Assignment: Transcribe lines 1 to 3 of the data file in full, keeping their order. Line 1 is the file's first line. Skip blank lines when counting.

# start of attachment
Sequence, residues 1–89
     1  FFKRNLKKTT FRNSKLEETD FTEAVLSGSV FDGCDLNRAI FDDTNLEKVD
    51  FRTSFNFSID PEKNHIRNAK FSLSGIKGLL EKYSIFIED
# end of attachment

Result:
Sequence, residues 1–89
     1  FFKRNLKKTT FRNSKLEETD FTEAVLSGSV FDGCDLNRAI FDDTNLEKVD
    51  FRTSFNFSID PEKNHIRNAK FSLSGIKGLL EKYSIFIED